The patent outlines a folding smartphone with a rotatable camera and a photographing method that relies on that rotating camera. Samsung wrote in the patent that conventional electronic devices are built with the direction the camera lens faces being fixed. To obtain images from other views, the user has to change the direction of the smartphone itself.

To solve the dilemma of users having to change the orientation of their smartphone to take pictures at various angles, the patent outlines a rotatable camera allowing the smartphone to be held in the same orientation but allowing photographs to be taken from varying angles. As with most patents, some of the wording is confusing.

Essentially, Samsung is saying that the folding smartphone with the rotatable camera can check the folding angle of the housings and the posture of the housing to predict the user’s intentions when taking a photograph. The lens would be adjusted in the direction of the rotatable camera, so the shooting direction matches the shooting intention of the user.

The patent talks about a motion sensor module for detecting the posture of the foldable device and a folding angle sensor module to predict the angle of the first housing structure and the second housing structure. It sounds as if the camera module might rotate itself automatically.

Samsung writes that when a photograph request is received by the sensors in the camera, the processor checks information related to the device’s posture detected from the motion sensor and information about the folding angle from the folding angle sensor module. It would adjust the lens direction of the rotatable camera based on that information. It’s worth noting that a patent is no guarantee the technology will ever show up on a retail product.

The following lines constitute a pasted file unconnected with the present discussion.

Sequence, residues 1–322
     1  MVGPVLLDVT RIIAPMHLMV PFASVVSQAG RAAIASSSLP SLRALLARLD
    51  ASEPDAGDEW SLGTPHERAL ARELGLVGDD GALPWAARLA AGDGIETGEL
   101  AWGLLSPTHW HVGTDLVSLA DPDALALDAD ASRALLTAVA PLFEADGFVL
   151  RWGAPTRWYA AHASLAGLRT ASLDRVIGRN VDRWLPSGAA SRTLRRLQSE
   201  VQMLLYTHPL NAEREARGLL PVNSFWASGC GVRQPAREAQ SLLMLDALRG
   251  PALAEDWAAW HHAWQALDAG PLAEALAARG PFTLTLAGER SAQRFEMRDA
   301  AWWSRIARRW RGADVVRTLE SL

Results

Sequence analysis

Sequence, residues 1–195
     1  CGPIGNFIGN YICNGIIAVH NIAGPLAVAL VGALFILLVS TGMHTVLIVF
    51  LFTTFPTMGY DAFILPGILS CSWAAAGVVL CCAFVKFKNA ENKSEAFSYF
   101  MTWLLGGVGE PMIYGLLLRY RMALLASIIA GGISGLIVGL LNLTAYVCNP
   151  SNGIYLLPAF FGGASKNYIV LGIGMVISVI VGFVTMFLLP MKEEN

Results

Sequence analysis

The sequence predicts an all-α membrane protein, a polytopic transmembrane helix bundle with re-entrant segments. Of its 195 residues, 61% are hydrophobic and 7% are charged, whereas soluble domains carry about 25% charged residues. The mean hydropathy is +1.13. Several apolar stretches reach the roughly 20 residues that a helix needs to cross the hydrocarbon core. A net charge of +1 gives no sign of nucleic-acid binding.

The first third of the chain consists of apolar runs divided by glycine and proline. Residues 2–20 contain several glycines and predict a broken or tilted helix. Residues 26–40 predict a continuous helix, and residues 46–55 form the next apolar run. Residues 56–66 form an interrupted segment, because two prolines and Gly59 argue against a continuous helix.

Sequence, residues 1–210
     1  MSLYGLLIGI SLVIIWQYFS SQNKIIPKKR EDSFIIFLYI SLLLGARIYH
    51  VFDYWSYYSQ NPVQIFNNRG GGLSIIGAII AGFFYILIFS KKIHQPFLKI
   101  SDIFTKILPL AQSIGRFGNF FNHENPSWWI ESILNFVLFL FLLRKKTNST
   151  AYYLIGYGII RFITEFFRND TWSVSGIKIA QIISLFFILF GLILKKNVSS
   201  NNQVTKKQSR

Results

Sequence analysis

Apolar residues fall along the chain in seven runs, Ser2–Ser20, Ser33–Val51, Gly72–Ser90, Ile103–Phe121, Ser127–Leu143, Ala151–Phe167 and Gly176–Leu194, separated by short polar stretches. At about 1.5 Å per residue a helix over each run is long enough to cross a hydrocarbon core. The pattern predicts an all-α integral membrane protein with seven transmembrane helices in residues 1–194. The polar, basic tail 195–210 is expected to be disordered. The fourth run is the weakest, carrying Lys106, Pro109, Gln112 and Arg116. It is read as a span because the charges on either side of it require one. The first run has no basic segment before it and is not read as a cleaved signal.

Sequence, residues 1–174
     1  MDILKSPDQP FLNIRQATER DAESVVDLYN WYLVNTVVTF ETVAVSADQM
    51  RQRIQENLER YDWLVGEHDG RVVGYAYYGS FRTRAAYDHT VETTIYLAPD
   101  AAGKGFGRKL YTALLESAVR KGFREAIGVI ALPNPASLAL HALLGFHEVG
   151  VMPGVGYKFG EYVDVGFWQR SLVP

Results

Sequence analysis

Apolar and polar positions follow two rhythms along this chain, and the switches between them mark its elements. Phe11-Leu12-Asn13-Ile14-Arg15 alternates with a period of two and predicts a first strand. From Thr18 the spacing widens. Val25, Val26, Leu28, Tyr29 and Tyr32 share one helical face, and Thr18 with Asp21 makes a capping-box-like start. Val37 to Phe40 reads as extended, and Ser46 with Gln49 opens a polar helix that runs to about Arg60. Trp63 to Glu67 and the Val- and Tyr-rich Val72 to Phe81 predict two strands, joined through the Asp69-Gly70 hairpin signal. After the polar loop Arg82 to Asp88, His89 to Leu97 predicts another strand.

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This old, rare wooden folding chair sold at auction for $8.5 million

Christie’s Hong Kong recently announced the results from multiple auctions, including one for a unique folding chair made of wood that was crafted and used in China during the 17th century. According to the auction house, the item sold at an amount several times higher than anticipated, ultimately going to the highest bidder for the equivalent of $8.5 million.

The auction was titled “A Magnificent and Exceedingly Rare Huanghuali Folding Horseshoe-Back Armchair, Jiaoyi, Late Ming-Early Qing Dynasty, 17th Century” and, according to Christie’s Hong Kong, it sold for more than 5.5 times the high estimate that had been made before the auction. The bidder purchased the 17th-century chair for $65,975,000 HK, which is the equivalent of about $8.5 million USD.

With the auction completed, this is officially the highest-ever bid for a huanghuali folding armchair. Christie’s Hong Kong says the auction battle took place over 10 ‘intense’ minutes spent in a bidding war over the phone. What makes the chair so special? The jiaoyi were a type of folding chair, but not all of these folding chairs were made the same.

While an average-use jiaoyi featured a straight back and no arms, the version made with a rounded ‘horse shoe’ back and arms were used exclusively by the imperial family. The folding nature of these chairs made it possible to transport them on long journeys, including on hunting excursions involving the emperor.